Don't panic... but we've made some some syntax changes to FlexSim (starting from FlexSim 2017). Here’s a quick summary of the important stuff:
- We’ve made an enormous, comprehensive update to our FlexScript language.
- All FlexScript in models created prior to FlexSim 2017 will still execute just fine… as long as your script was correct in the first place!
Now that you’re aware of the update—and that fact that your pre-FlexSim 2017 models will still work—let’s dig a little deeper into the FlexScript syntax, something we refer to internally as “dot syntax.” We’ll cover how it works and the reasons why the change was made in the first place.
Dot syntax? What’s that?
Scripting is now more object-oriented than in previous versions, which makes the code more streamlined and intuitive. You used to define logic in FlexScript using a library of global commands; here’s what it looked like to get a label from a token in Process Flow:
getlabel(getlabel(token, “item”), “weight”);
Here’s what that looks like using dot syntax:
A little more streamlined, right? Dot syntax is focused on entities—most commonly item, token, and “current”—and they all have three important characteristics:
- Properties, which is the data that controls aspects such as location, size, and color. Dot syntax lets you access this data.
- Methods, which are commands that do something or change a property value (set speed, change location, etc.).
- Labels, those dynamic, custom properties we all know and love.
So, when you see an expression written in FlexSim’s new dot syntax, it’s easy to interpret what it’s saying. The dot always means “access,” which allows you to access properties and methods associated with objects and variables. Take the following line as an example:
In this example, “current” is a reference to a 3D object we’re currently working with. A dot signifies a property we’re trying to access: the object’s name. Another dot calls a method to check if that name starts with the string “Processor.”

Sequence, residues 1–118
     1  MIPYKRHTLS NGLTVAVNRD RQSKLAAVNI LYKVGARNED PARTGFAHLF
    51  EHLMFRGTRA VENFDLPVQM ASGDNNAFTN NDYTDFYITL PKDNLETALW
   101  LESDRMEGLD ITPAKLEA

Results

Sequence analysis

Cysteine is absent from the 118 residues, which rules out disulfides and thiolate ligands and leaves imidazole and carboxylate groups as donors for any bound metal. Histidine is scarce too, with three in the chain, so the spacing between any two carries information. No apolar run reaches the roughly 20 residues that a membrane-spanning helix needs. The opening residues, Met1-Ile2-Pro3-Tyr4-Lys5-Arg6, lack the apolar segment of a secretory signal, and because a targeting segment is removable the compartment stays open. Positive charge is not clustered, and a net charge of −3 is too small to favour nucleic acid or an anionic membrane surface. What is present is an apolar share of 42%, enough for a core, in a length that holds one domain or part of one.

So why make syntax changes in FlexSim now? There are actually three critical benefits as a result of the dot syntax update.
Better, simpler scripting
As you saw in the above example, dot syntax expressions have a logical structure that’s easier to follow. It also carries a few other benefits that should improve scripting in the future. One is that dot syntax is more dynamic. Labels, which change or may not even exist during portions of a model run, used to require special treatment. Now, dynamic properties like labels work just like methods and static properties.
token.SomeLabel.AnotherLabel? They’re possible now.
The other benefit is that the management of properties and methods (versus the old commands) just got a lot less complicated. This could empower our amazing developers to add new methods more frequently, and methods overall will require less parameters.
Simulation speed boost
That’s right, simulation runs have the potential to go much faster, and it’s a direct result of the scripting update in late-2016.
The reason? All FlexScript is now compiled to machine code and executed directly—avoiding needless interpretation makes things more efficient, leading to faster processing of simulation events.
The smartest Autocomplete yet
Finally, this change has enabled us to make some huge improvements to our built-in Autocomplete, which now provides you with a list of properties and methods to access as soon as you type a dot. You’ll also be happy to know that the Autocomplete is a little more forgiving these days—even when you misspell or are just trying to get close to a name that’s on the tip of your tongue, the closest possible matches will still appear.
It’s also smarter than ever before. Have you already declared some labels? Autocomplete will show those if they come up in the context of what you’re trying to do.
We truly believe that this update is a big step forward to helping FlexSim become the best simulation software it can possible be. Remember that if you ever need help getting familiar with dot syntax, our support team and worldwide user base can be found on FlexSim Answers and would be more than happy to help.